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For studio applications, it’s always useful to have EQ controls to counteract the acoustic quirks of your studio. Those who buy the monitors for home audio and home theater applications will find the Bass and Treble controls useful for dialing in a more “hyped” frequency response.

A Standby button is included on the back, which lowers the power consumption of the monitors when engaged. Gibson says that feature was added because of their commitment to green technology. And according to the manufacturer, a Standby mode is also a European Union requirement for all electronic gear. Unfortunately, no documentation came with the pair of monitors I received for review (and I couldn't find any online).

Rounding out the back panel are power switches and inputs for the included IEC power cables. A Gibson logo on the front panel lights up when the monitors are on and slowly blinks when they are in Standby mode. Each monitor puts out 247W of combined power, with a crossover frequency of 2.7 kHz and a stated frequency response of 37 Hz to 47 kHz (no tolerances given).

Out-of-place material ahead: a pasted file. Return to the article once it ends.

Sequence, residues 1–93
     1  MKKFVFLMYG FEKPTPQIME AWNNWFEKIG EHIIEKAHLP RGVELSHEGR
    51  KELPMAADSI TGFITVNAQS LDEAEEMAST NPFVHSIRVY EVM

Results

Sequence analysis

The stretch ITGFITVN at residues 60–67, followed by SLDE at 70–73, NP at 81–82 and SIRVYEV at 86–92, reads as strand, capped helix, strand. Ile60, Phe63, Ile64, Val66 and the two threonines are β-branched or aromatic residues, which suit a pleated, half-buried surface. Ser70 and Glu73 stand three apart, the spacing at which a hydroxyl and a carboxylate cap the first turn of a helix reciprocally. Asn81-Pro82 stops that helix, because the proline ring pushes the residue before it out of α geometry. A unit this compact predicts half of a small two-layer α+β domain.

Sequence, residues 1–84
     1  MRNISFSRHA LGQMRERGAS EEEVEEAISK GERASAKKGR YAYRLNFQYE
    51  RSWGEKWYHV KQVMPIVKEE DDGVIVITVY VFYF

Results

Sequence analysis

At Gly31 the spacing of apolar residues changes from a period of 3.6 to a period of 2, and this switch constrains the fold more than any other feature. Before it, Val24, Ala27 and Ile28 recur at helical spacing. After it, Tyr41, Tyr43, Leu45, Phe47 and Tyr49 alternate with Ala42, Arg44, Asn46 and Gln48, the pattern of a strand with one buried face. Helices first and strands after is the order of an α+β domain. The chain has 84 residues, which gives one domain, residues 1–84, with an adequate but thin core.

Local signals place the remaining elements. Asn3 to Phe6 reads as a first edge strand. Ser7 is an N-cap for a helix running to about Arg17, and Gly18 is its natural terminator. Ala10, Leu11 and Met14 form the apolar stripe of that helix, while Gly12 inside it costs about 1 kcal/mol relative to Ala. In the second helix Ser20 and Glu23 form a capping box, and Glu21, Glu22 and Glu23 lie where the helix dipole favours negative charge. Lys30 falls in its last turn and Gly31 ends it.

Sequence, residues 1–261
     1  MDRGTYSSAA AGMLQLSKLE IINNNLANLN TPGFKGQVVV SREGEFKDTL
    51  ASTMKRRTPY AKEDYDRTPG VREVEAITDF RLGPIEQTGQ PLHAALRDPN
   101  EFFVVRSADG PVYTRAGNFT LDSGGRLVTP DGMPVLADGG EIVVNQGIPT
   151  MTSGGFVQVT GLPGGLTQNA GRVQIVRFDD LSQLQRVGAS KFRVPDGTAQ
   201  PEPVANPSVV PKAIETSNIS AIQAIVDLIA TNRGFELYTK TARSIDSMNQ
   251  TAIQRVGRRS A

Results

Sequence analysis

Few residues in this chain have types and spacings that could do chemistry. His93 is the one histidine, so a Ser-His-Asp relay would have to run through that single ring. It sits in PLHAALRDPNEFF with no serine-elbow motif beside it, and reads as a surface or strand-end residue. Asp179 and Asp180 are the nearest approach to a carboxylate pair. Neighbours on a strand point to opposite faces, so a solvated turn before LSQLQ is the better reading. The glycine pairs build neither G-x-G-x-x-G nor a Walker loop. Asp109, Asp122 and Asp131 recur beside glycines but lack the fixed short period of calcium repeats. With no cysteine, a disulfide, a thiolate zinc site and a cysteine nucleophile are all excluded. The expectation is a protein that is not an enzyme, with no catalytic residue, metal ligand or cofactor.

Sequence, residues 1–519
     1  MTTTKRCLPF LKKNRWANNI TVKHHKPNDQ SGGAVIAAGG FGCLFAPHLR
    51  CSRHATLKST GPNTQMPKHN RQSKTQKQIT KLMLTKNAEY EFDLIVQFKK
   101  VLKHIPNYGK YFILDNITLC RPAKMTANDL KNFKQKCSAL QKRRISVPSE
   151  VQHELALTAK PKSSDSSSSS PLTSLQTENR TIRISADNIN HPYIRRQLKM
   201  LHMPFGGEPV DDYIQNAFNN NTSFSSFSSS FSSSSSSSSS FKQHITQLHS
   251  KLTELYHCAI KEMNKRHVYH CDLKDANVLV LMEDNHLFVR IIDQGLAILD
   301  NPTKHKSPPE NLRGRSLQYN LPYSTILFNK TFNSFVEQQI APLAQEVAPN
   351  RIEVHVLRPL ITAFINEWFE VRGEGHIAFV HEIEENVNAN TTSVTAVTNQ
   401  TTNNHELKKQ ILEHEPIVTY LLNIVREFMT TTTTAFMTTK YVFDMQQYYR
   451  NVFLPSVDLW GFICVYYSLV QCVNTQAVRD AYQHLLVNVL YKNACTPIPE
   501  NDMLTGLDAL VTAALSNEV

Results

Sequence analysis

I placed the speakers on monitor stands, decoupled with Primacoustic Recoil Stabilizers. From the first time I used them, I was very impressed with their sound. They’re clean, loud, and offer reproduction that’s extremely well balanced, frequencywise. In addition to tight bass and crisp highs, the midrange is well-represented, so you don’t get that hole-in-the-middle sound that plagues some monitors, especially those with large woofers. Because my studio tends to eat bass, I was glad to have the bass EQ knob to compensate.

I was also impressed with their transient response. For instance, drum recordings sounded extremely realistic through them, as did acoustic guitars.

I used the monitors for a variety of mixing projects, and for long stretches of time without much ear fatigue. The mixes I did on them translated well to other systems.